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Notre Dame parenting San Diego Living San Diego State Sports

Passing on a love of sports

My dad took me to lots of games at Notre Dame. Later in middle and high school it became more about football than the other sports. But I have lots of fond memories of spending time with my dad at Notre Dame basketball, hockey, and football games. I even remember a couple baseball and soccer games along the way.

Even though no one in my family went to Notre Dame, we lived so close and experienced so much there, that I have a pretty strong connection to the campus. My friends and I rode bikes all over campus. (Don’t tell my mom!) We played hide-n-seek near the Grotto and skateboarded the trail around St. Joeseph’s Lake. We yelled and made echoes between the giant buildings and dared one another to go into the administration building. (aka Golden Dome) I spent hundreds of hours in the library (aka Touchdown Jesus) during my senior year of high school and still have 10-15 unpaid parking tickets for parking in the basketball coaches spot when he wasn’t there.

But most of my memories of Notre Dame are from Saturday’s in the Fall. My dad had a group of friends who put on epic tailgate parties. 75-100 people would hang out and party between 3 motor homes starting before dawn and going until dark. When I was really young we went to almost every game because you could always find a ticket for free or almost free. That changed in the late 1980s and early 1990s when Lou Holtz had them in National Championship form year after year. But I managed to find a way in to a lot of games in those days. My stepdad had a brother who was an usher who could sneak me in. I’d get to the stadium several hours before the kickoff and sit in his usher seat during the game. When it was too cold or I’d get bored I’d climb into the scoreboard and watch the game from that little window, listening to the TV cameramen shuffle their feet above my head as they operated the endzone camera. For a couple of years my stepmom was an MBA student and we had tickets at the front of the student section. During those years I got to go to the games it was too cold for my dad and stepmom to enjoy. Cemented in my memory for a lifetime is freezing my butt off and hunting for hot chocolate during the 1992 snow bowl.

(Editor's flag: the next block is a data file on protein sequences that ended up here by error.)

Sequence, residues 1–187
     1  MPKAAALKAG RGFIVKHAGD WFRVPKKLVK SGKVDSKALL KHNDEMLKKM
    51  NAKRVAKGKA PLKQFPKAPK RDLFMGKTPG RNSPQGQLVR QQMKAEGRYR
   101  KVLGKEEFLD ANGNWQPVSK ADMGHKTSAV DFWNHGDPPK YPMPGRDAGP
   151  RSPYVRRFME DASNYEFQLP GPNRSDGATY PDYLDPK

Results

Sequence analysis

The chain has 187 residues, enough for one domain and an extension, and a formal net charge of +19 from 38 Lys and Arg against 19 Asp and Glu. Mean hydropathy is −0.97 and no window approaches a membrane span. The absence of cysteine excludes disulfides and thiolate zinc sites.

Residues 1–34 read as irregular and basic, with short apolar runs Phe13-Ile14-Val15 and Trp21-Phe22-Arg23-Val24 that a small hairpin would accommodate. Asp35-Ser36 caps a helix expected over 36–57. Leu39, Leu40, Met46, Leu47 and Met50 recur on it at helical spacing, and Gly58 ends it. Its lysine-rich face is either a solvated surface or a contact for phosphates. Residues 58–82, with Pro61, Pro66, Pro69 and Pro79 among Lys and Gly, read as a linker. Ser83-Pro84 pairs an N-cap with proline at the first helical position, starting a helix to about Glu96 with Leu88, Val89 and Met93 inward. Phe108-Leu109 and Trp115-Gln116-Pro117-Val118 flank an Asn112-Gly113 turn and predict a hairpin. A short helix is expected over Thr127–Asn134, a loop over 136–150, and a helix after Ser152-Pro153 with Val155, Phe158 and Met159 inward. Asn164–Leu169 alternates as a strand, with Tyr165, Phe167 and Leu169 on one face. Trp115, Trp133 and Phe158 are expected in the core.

San Diego State

There’s no comparing Notre Dame to San Diego State. Pretty much everything that could be different about the two schools is different. But what isn’t different is the proximity of where we live. I grew up about a mile from Notre Dame’s campus and my kids are growing up about a mile from San Diego State’s campus. So I want my kids to experience the campus. (Um, the positive sides of campus activities!) That’s why I’m commited to taking them to football and basketball games and other fun/educational things offered on campus for kids.

I’d love for my kids to build happy memories about a place with their dad. Just like my growing up around Notre Dame… every moment isn’t memorable and not everything is going to make a lasting impression.

What are you doing to build memories with your kids? What kinds of things did you do with your parents which built lasting memories? 

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family

Pause

Sunrise over the Cuyamaca Mountains

Kristen and I were laying around this morning and talking about where we are at in this moment.

I am so future-focused that I struggle to think about the present. Even when I give my full presence I have a tendency to think, “What’s next?

We took some time to breathe in this moment. This hour. This day. This stage of life we will forever label, “pre-Tres.

In the next 36 hours Kristen will give birth to our third child. We agree, we are completely over waiting for him to arrive.

Kristen made the remark that typically February is one of those months that just flies by– but Tres’s arrival has made it different. This February has dragged. Each day seems a couple hours longer than the day before. I compared it to the last two weeks of school before summer break. Impatient anticipation.

So, with the sun revealing a new day over the Cuyamaca Mountains and the pitter-patter of rain giving way to a glorious lazy Sunday, we hit the pause button and remembered the days Megan and Paul were born. Glorious days. Hallmarks of our life.

Each day, so unique and special. Each day seems like a million days ago and yesterday at the same time.

The next 36 hours will bear witness to and create unique memories for Tres’s arrival. Things will happen which will become folklore in our family. Some moments we think are precious will soon be forgotten. And other moments that seem insignificant in the moment will become significant as time passes.

In these last few hours of our life, pre-Tres, we are a mixed bag of holding on to the life we know and eagerly awaiting our new life to begin.

But mostly, we are ready to hit the play button and meet our new son!

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hmm... thoughts illustrations

3 Types of Freshmen Parents